Jay Bookman

Opinion columnist and blogger with The Atlanta Journal-Constitution, specializing in foreign relations, environmental and technology-related issues

GOP whipping itself into a self-destructive frenzy


"Which is better -- to have rules and agree, or to hunt and kill?"

-- "The Lord of the Flies"


So where does all this end? No one seems to have an answer to that one.

Nobody believes that John Boehner's forced departure as speaker resolves any of the tensions within the Republican Party or between the Republicans and Democrats. Quite the contrary, the scent of blood is in the water and the sharks are looking forward to their next feeding. (Mitch McConnell, anyone?) In addition, nobody expects that Boehner's presumed replacement, Kevin McCarthy of California, will be able to guide his caucus through challenges that caused the more wily and experienced Boehner to throw up his hands in frustration.

In the short term, Boehner indicated on "Face the Nation" Sunday, the government will be funded and we'll avoid a Oct. 1 shutdown over Planned Parenthood funding. He's willing to put together a temporary coalition of Democrats and more mainstream Republicans to ensure that at least that much is accomplished before heading to the golf course. "I don't want to leave my successor a dirty barn," he said. "I want to clean the barn up a little bit before the next person gets there."

While that's laudable, it's an understatement to describe this as a "dirty barn." With its 14 percent job-approval rating and inability to perform even basic functions, Congress has become a veritable Augean stables, and no Hercules is available to cleanse it. With a month left in office and his power waning, for example, it's uncertain whether Boehner will have the time or the votes needed to also raise the nation's debt-ceiling, the next looming crisis on the Washington calendar with the potential to cause immense damage. Even if he does, the rogue Republican minority would soon grasp some other opportunity to bring the whole thing crashing down, as appears to be their goal.

In his "Face the Nation" appearance, Boehner gave us a pretty good idea of just how small that minority is, and also why it wields such disproportionate power. We get into a bit of a numbers game here, but hang with me, it's important:

Boehner told John Dickerson that if he had decided to stay and fight for the speaker's gavel, he would have won easily, garnering some 400 of the 435 total votes in the House. Even if we assume that Boehner's prediction is a little self-serving, he's almost certainly correct that he would have had considerable padding above the 218 votes needed to remain speaker.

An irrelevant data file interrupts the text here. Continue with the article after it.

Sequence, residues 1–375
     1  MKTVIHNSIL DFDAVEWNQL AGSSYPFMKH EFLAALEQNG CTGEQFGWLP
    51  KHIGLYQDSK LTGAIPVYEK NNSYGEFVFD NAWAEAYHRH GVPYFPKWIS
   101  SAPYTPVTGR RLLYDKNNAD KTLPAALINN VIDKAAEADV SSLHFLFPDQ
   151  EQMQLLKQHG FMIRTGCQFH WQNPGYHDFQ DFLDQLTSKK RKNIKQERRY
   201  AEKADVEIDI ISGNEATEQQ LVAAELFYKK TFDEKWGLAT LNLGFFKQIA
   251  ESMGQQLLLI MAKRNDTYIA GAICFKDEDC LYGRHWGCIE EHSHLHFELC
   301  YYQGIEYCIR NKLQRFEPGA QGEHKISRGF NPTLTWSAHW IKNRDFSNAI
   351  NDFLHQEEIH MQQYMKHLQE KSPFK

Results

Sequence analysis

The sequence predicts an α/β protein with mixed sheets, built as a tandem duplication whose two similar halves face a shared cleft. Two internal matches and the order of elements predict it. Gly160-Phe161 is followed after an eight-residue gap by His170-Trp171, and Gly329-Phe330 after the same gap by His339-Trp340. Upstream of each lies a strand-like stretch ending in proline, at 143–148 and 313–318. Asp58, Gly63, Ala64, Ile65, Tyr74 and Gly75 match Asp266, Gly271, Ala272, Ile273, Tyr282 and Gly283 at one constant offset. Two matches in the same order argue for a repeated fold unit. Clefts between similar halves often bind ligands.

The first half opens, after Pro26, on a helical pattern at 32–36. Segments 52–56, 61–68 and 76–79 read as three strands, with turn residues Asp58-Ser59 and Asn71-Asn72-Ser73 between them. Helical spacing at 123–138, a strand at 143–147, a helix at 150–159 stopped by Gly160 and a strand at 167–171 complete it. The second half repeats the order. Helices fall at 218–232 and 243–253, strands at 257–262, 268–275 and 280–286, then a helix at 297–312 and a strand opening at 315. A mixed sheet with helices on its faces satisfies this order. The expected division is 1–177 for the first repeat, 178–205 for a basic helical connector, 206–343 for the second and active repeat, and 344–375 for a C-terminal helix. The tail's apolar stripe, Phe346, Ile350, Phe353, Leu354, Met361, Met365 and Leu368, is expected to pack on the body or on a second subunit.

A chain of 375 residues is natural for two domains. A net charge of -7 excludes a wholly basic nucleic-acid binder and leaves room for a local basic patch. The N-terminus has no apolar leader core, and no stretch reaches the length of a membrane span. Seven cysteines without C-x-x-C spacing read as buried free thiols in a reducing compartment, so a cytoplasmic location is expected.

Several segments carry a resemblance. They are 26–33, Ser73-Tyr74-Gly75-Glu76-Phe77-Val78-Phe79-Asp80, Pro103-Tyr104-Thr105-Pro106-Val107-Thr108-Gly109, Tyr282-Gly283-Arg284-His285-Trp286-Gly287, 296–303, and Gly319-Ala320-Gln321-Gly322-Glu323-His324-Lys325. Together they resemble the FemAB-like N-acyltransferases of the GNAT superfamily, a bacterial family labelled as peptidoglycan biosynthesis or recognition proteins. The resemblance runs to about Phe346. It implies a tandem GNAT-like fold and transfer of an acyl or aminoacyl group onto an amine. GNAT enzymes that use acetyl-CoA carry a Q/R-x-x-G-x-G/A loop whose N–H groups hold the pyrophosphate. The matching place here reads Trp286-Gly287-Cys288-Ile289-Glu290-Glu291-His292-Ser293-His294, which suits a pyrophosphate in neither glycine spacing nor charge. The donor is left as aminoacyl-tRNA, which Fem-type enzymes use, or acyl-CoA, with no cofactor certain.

The problem is, where would those votes have come from? The only way Boehner could even approach 400 votes would have been to ask Democrats to join mainstream Republicans in supporting him. A lot of Democrats probably would have been willing to do so -- Boehner and Nancy Pelosi had clearly discussed the possibility. And if Boehner had taken that course, the 35 to 50 anti-Boehner conservatives in the House would have been left fuming, exposed and abandoned as the rump minority that it really is.

Yet that was also the step that Boehner dared not take, because he understands that by abandoning his party's hard-core right he would have split the GOP caucus and split the party.  He felt he had no choice but to remain loyal to an element in his party that takes pride in showing no sign of loyalty in return, and that refusal is the source of their power: They are willing to risk the destruction of their party while Boehner and others are not. So to keep some semblance of peace, the rebels are allowed to set the agenda. As U.S. Rep. Peter King (R-NY) put it, "the crazies have taken over the party."

As Boehner also explained Sunday, he recognizes that those Republicans who dared to publicly support him as speaker would have been castigated as traitors by conservative media and interest groups that have been driving this process all along, a spectacle that he also wanted to avoid.  "Why do I want to make my members, Republican members, walk the plank?" as he put it.

However, Boehner went on to sharply criticize those in his own party and movement whom he called "false prophets." As he noted, "we have got groups here in town, members of the House and Senate here in town, who whip people into a frenzy believing they can accomplish things that they know -- they know -- are never going to happen."

Those "false prophets" range from politicians such as Ted Cruz, radio hosts such as Rush Limbaugh, media outlets such as Breitbart and Fox News and activist groups such as the Tea Party and Heritage Action.  Together, they have created a perpetual frustration machine that cannot ever accept compromise or agreement because compromise and agreement would destroy their business model. It's what they feed upon. They exist to create expectations that can never be met, then reap the benefits of that frustration. That will not change, and they are not going away.

What must and will change, eventually, is the power that they wield. The trajectory that they demand of the Republican Party is unsustainable, and the split that Boehner avoided by stepping down has only been temporarily delayed. At some point, important elements of the party will decide that they can no longer pay the blackmail that is demanded of them by the ultra-conservatives, and at that point we'll learn how this will end.




Reader Comments ...

About the Author

Jay Bookman writes about government and politics, with an occasional foray into other aspects of life as time, space and opportunity allow.